Show Summary Details

Quick Reference

A chip off the old block someone resembling their father or mother, especially in character and behaviour; the term is recorded from the early 17th century.

a chip on one's shoulder a deeply ingrained grievance, typically about a particular thing. The phrase (originally US) is recorded from the 19th century, and may originate in a practice described in the Long Island Telegraph (Hempstead, New York), 20 May 1830, ‘When two churlish boys were determined to fight, a chip would be placed on the shoulder of one, and the other demanded to knock it off at his peril.’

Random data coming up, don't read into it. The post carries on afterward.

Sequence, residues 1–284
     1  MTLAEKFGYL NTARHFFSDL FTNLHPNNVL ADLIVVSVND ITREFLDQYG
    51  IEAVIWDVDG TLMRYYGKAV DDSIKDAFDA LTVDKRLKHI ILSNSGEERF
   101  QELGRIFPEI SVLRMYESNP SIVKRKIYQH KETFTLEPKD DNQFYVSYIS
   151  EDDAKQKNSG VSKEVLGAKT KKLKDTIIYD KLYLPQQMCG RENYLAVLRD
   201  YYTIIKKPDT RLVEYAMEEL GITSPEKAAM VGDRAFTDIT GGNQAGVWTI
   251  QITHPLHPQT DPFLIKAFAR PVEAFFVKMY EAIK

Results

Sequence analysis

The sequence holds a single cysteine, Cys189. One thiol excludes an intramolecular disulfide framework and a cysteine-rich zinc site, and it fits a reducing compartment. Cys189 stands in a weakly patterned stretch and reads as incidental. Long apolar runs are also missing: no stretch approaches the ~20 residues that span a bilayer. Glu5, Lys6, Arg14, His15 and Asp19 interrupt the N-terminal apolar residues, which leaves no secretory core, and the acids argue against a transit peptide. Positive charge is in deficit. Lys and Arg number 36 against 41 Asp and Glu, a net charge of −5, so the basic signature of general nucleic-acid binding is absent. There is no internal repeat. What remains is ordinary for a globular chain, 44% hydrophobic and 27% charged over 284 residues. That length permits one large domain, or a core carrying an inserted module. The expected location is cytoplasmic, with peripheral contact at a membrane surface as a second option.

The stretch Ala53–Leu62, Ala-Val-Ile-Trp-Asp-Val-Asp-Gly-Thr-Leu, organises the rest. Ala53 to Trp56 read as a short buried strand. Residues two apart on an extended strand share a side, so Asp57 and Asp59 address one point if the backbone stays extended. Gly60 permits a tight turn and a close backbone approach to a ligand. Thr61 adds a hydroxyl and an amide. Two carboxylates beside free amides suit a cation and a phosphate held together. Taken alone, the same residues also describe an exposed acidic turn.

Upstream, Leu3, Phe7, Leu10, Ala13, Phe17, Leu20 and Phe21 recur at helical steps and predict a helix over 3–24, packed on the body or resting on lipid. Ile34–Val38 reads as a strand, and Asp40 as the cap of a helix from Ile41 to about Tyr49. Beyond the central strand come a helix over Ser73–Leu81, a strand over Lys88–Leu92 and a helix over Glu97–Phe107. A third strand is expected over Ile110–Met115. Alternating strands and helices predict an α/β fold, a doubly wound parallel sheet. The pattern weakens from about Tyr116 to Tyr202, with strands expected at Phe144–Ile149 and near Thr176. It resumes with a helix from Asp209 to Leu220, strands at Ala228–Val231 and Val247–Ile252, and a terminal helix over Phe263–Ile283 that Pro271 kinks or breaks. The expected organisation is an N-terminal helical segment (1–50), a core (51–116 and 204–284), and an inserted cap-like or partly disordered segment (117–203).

Reference entries

Users without a subscription are not able to see the full content. Please, subscribe or login to access all content.